Grant Awarded in 2008


Accumulation of Misguided Lymphocytes and Dendritic Cells:
A New Model for LCH


Principal Investigator and Co-Investigator
Carl E. Allen MD, PhD (PI) and Kenneth L. McClain MD, PhD
Texas Children’s Hospital/Baylor College of Medicine - Houston, Texas USA

Date of Award
September 2008

Amount of Award
$25,000
This study was also supported by the Histiocytosis Association of Canada.

Layperson Summary
Background:
Langerhans Cell Histiocytosis (LCH) is a potentially fatal disease characterized by invasive tumors infiltrated with pathologic dendritic cells and activated T-cells.  Normal Langerhans cells are located in the skin.  The job of these cells is to recognize signals from the environment and to activate the immune system to respond to “danger” signals.  According to the current model of LCH, Langerhans cells in the skin become inappropriately activated and proliferate in LCH lesions.

Specific Aims and Hypothesis:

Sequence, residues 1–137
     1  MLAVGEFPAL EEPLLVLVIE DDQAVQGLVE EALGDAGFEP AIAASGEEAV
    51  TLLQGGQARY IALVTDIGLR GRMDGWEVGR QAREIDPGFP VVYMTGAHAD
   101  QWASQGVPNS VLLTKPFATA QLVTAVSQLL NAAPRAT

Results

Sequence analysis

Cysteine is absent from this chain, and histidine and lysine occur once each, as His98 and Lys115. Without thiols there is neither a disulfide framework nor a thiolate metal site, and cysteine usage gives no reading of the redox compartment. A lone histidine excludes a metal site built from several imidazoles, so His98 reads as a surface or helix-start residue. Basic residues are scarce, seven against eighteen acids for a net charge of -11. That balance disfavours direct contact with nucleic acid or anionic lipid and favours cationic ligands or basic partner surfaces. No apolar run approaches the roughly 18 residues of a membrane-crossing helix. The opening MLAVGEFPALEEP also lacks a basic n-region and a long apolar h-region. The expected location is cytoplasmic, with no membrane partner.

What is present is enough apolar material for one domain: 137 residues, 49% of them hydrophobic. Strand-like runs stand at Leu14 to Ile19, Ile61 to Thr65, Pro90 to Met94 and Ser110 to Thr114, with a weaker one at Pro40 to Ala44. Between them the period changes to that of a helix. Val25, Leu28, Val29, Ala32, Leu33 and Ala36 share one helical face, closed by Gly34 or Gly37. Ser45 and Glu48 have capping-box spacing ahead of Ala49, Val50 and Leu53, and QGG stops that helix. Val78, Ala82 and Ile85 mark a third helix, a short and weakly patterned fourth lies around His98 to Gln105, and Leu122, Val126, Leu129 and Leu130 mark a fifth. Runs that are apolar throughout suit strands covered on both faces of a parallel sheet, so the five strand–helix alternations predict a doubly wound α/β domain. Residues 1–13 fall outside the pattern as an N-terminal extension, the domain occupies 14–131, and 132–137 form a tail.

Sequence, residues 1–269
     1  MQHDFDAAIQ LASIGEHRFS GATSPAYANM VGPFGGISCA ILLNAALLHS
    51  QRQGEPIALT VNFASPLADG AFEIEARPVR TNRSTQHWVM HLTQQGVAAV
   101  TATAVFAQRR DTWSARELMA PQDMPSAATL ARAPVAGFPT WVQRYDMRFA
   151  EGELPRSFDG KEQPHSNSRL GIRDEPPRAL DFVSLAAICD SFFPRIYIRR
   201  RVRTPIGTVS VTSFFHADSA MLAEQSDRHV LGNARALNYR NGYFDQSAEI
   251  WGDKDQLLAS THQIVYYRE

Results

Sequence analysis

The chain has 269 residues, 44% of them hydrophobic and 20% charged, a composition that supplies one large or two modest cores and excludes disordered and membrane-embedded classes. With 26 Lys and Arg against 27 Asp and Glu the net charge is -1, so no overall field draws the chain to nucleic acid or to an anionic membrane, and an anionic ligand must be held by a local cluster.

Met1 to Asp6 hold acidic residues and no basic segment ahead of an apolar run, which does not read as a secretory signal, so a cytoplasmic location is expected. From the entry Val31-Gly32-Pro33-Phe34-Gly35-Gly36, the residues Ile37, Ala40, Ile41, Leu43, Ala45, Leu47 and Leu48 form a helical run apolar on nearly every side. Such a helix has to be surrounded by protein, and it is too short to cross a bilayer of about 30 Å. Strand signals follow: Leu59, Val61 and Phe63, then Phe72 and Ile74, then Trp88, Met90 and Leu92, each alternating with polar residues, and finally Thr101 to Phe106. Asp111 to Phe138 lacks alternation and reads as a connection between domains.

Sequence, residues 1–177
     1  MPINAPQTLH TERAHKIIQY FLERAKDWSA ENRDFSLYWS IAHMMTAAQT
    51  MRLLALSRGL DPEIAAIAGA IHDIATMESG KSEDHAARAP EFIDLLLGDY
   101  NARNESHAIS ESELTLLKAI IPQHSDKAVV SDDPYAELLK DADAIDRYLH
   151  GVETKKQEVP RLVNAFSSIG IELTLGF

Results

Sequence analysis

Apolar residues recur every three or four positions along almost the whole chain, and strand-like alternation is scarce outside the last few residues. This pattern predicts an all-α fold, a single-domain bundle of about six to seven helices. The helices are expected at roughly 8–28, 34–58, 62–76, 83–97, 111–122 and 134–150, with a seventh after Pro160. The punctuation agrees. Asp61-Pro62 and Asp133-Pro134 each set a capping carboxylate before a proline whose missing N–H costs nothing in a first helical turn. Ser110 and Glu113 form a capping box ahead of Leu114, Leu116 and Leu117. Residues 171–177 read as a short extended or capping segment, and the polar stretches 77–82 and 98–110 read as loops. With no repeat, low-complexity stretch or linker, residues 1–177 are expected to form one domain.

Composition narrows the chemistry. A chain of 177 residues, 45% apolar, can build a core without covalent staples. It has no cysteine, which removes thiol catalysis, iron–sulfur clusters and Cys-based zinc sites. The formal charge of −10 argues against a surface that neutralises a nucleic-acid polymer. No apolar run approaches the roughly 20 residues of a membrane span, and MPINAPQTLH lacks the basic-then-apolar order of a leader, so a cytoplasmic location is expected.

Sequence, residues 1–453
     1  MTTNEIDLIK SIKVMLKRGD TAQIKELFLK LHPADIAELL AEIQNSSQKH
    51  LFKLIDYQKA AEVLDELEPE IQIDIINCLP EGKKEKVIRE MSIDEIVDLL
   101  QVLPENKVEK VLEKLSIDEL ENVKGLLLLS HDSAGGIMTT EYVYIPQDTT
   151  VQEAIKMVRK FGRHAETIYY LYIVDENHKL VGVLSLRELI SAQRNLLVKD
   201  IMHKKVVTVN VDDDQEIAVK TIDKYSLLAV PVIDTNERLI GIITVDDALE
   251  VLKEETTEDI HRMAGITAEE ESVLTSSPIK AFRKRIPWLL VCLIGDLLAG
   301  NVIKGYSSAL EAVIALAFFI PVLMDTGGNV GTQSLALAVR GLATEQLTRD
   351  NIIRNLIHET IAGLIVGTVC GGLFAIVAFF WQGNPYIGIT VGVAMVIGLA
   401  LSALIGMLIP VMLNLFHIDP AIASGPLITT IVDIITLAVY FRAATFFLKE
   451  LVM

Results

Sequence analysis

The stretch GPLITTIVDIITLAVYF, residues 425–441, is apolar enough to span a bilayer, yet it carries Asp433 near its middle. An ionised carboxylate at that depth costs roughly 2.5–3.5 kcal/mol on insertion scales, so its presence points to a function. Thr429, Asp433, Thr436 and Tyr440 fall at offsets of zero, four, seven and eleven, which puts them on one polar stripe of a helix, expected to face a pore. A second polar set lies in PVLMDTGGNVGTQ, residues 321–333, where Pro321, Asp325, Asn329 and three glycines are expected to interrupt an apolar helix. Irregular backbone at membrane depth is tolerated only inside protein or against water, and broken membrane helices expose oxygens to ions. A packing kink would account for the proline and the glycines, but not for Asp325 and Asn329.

Identifying the cause of LCH is an essential step to developing a rational cure for patients.  Due to lack of reliable animal and in vitro models, we have developed a strategy to harvest a tremendous amount of data from a small number of cells from rare LCH biopsy samples using RNA amplification and “gene chip” techniques.  We are now able to ask fundamental questions regarding cell-specific gene expression, lymphocyte activation and trafficking to LCH lesions, clonality of CD207+ cells and CD3 cells, and identification of the cell of origin of LCH.  The central hypothesis of this study is that LCH arises due to accumulation of blood-derived dendritic cells and activated T-cells rather than from malignant transformation of epidermal Langerhans cells.

Potential Impact:
The ultimate goal of these experiments is to identify genes, proteins, and pathways that can be used to diagnose and cure patients with LCH.  These experiments may also provide insight into dendritic cell biology and tumor immunology.

Twelve Month Report
Background: